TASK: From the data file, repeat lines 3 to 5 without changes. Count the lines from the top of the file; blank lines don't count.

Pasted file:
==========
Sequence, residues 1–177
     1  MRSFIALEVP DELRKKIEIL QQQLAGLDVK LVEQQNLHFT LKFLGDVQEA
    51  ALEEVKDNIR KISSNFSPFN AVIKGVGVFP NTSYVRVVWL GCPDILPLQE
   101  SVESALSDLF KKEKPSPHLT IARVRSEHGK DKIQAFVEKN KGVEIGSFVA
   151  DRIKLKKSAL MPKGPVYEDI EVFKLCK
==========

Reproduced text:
    51  ALEEVKDNIR KISSNFSPFN AVIKGVGVFP NTSYVRVVWL GCPDILPLQE
   101  SVESALSDLF KKEKPSPHLT IARVRSEHGK DKIQAFVEKN KGVEIGSFVA
   151  DRIKLKKSAL MPKGPVYEDI EVFKLCK